Subphenotypes in critical care: translation into clinical practice

Kiran Reddy, Pratik Sinha, Cecilia O'Kane, Anthony Gordon, Carolyn S Calfee, Danny McAuley

Research output: Contribution to journalArticlepeer-review

20 Citations (Scopus)
310 Downloads (Pure)

Abstract

Despite progress in the supportive care available for critically ill patients, few advances have been made in the search
for effective disease-modifying therapeutic options. The fact that many trials in critical care medicine have not
identified a treatment benefit is probably due, in part, to the underlying heterogeneity of critical care syndromes.
Numerous approaches have been proposed to divide populations of critically ill patients into more meaningful
subgroups (subphenotypes), some of which might be more useful than others. Subclassification systems driven by
clinical features and biomarkers have been proposed for acute respiratory distress syndrome, sepsis, acute kidney
injury, and pancreatitis. Identifying the systems that are most useful and biologically meaningful could lead to a
better understanding of the pathophysiology of critical care syndromes and the discovery of new treatment targets,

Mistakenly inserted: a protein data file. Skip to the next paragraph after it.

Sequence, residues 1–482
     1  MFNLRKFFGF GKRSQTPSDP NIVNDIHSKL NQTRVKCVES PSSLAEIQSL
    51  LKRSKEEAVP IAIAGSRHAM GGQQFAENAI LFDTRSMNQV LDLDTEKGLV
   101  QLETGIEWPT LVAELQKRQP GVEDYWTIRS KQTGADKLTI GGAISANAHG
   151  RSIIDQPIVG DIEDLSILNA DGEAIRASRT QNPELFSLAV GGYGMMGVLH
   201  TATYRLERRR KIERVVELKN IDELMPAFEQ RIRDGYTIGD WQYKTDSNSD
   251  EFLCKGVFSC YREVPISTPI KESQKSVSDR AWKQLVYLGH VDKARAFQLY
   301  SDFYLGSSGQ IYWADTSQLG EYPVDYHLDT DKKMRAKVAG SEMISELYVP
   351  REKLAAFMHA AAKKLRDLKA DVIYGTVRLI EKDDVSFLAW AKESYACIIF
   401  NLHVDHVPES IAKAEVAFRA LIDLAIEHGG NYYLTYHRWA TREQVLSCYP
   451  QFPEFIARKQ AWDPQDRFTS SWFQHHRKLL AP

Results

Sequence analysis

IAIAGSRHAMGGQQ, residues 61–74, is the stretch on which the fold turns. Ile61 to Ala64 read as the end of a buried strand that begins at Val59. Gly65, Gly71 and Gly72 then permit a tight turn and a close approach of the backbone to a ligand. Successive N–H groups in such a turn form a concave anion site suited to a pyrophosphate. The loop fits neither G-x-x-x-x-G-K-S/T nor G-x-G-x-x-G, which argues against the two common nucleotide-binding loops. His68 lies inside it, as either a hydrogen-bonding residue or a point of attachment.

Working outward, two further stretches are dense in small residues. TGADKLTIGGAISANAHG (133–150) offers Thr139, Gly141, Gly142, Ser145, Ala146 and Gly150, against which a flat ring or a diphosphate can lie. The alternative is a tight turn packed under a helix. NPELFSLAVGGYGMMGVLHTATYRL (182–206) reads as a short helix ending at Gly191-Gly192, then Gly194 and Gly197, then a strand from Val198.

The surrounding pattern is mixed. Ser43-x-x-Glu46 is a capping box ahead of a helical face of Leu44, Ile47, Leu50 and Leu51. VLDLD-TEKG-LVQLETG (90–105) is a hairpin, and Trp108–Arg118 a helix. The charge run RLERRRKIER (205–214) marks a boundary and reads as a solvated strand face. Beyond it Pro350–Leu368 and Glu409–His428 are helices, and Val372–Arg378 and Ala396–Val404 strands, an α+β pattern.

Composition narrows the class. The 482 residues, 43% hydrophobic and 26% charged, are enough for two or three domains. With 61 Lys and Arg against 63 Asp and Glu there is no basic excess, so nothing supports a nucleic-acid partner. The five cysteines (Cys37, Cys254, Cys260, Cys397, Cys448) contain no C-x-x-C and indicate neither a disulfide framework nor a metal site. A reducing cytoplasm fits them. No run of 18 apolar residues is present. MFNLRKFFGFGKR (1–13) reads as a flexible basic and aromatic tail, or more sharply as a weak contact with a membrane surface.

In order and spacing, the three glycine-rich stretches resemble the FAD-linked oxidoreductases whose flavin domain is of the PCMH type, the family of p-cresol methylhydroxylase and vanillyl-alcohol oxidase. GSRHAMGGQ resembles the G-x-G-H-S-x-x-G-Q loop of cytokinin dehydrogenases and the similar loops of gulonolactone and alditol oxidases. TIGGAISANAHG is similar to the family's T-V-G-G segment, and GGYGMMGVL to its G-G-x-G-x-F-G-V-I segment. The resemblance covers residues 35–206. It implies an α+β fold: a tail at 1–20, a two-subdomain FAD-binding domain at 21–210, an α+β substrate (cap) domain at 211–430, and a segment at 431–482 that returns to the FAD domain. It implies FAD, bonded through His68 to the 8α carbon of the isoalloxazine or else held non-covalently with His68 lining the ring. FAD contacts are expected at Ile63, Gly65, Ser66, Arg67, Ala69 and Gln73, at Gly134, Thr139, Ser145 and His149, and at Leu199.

and allow recruitment in future therapeutic trials to focus on predicted responders. This Review discusses proposed
subphenotypes of critical illness syndromes and highlights the issues that will need to be addressed to translate
subphenotypes into clinical practice.
Original languageEnglish
Pages (from-to)631-643
Number of pages13
JournalThe Lancet Respiratory Medicine
Volume8
Issue number6
DOIs
Publication statusPublished - 01 Jun 2020

Bibliographical note

Copyright © 2020 Elsevier Ltd. All rights reserved.

Keywords

  • Acute Kidney Injury/classification
  • Critical Care/methods
  • Critical Illness/classification
  • Humans
  • Phenotype
  • Precision Medicine/methods
  • Respiratory Distress Syndrome, Adult/classification
  • Translational Medical Research

Fingerprint

Dive into the research topics of 'Subphenotypes in critical care: translation into clinical practice'. Together they form a unique fingerprint.

Cite this